Sporcle Saturday: Power outage

Good morning!

Something I certainly didn’t anticipate Sporcling about this season was the White Sox and their lack of offensive firepower. As I was commuting to work on Friday morning, I was thinking about how Abreu was the only guy with double-digit home runs and how the possibility existed that this team could finish the year without a 20-home run player. And, I wondered, when was the last time a White Sox team didn’t have such a player?

Well, Jim saved me the work of looking. As he noted in his doubling the numbers post yesterday morning, the 1990 season is the last time the Chicago White Sox fielded such a team. (For the record, I would have guessed the early ’80s, but the ’89 team also didn’t have such a player) The 1990 season, of course, was far more entertaining than has been the current season as the Sox finished a surprising 94-68, second in the A.L. West behind Oakland: a far cry from their last-place finish in 1989, a near-reverse record of 69-92.

Anywhoozles, today’s theme will revolve around that 1990 squad. I thought it would be more fun to include both pitchers and batters, so in total there are 37 names for you to guess from that team: how many can you get? Good luck!

Quiz Parameters

  • I’ve allotted 10 minutes for completion attempts.
  • For hints, I’ve provided the position of the player (as noted by Baseball Reference) and the number of games that player appeared in.

Useless information to amaze, annoy, confuse, and/or confound your friends and family:

  • The 1990 team had five regulars with an OPS+ over 100, same as this 2022 team (so far).
  • Three players finished with more than 30 stolen bases.
  • One position player pitched for this team: a 2-inning, one-run effort starting in the 8th inning in a blowout 12-3 loss to…Tony LaRussa’s Oakland Athletics. Somewhere, a young Jim Margalus intoned after the game, “A’s 12, White Sox 3: [Spoiler] pitched.

Direct link here

All data from baseballreference.com

Take a second to support Sox Machine on Patreon
Default image
Ted Mulvey

White Sox fan, homebrewer, academic librarian. Not necessarily in that order, but quite possibly.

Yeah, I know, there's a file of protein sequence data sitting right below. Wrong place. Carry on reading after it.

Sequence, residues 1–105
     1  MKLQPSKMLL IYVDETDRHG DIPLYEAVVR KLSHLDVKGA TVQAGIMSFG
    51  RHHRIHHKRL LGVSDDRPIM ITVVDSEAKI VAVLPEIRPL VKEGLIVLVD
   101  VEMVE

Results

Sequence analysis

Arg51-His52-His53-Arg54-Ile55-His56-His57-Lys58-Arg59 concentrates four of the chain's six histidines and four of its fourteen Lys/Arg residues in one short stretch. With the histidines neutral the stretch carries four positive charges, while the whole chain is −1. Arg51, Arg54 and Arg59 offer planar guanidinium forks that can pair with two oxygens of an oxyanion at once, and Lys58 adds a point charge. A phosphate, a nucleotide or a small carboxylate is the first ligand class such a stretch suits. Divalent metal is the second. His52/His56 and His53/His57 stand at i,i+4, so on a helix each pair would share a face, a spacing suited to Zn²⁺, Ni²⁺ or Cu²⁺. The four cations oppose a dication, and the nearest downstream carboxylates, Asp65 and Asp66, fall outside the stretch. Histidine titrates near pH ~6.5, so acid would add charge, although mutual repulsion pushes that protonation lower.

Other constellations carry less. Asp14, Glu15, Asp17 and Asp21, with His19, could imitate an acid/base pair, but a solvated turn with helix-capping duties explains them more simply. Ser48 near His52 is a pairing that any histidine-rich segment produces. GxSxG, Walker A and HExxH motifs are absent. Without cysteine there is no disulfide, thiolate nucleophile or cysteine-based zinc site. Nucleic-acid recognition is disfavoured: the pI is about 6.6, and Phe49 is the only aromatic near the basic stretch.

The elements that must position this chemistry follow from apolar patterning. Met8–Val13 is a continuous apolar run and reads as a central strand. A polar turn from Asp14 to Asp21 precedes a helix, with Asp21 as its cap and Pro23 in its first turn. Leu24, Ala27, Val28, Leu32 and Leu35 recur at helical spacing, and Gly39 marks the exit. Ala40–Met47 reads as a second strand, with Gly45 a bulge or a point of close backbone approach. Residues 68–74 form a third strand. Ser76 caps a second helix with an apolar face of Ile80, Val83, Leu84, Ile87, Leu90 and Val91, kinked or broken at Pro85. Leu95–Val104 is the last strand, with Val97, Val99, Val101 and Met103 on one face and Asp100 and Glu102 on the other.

Articles: 293
8 Comments
Oldest
Newest Most Voted
Inline Feedbacks
View all comments
asinwreck

34/37. I got everyone who played more than 8 games. Thank you for focusing on one of the more enjoyable teams of the Reinsdorf era.

Jeff Torborg is three years older than Tony La Russa. I’d rather have him manage the 2022 team.

roke1960

23/37. Only a couple of names that I missed that I should have gotten. A lot of very obscure names on that team. That was certainly a well-managed team, something we haven’t seen in many years

Right Size Wrong Shape

25 / 37. Two more I definitely should have got (one who only played in 5 games!). This was one of my favorite Sox teams. I was 10 years old most of that summer, and lived and died with that team trying to take down the evil Oakland A’s. I was surprised how many guys from the back end of that roster that I had forgotten about.

ecivokrak

26/37. One of my better quiz results. That summer I was 13 going on 14 and I went to about 15 games with my dad, the most games I had gone to any season, ever. I remember that they were something like 14-1 in those games, which seems impossible.

I remember the relief corps well, especially the guy from Evergreen Park. Before a day game, I was sitting with my friend in that “Picnic Area” underneath the outfield stands, near the metal grate that looks out on the field, and this tall guy in a Sox uniform come out of nowhere and kneels down on the warning track and starts talking to us, asking us where we were from. He talked to us for a good 10 minutes.

The trio of 30+ base stealers doesn’t surprise me, but the number of caught stealings does. Specifically a guy who stole 13 bases but was caught 17 times (!).

Thanks for this nostalgia trip, Ted!

GlossRoad

18/37. Not bad I think considering I was 5. Most I got from trying guys from the 93 team, which is the first season I remember pretty well

juicecruz

18/37. Giving myself credit for Radinsky, whom I misspelled.

That was the final season at old Comiskey Park, which could explain the power outage, though the fences had been moved in (home plate moved up?) some years earlier.

I was at the final game, a win against the Mariners, which featured Griffeys (Sr. & Jr.) in the outfield for the M’s, and the highest pop-up I’ve ever seen (from a young Frank Thomas).

juicecruz

Oops, I don’t know how to hide spoilers – sorry.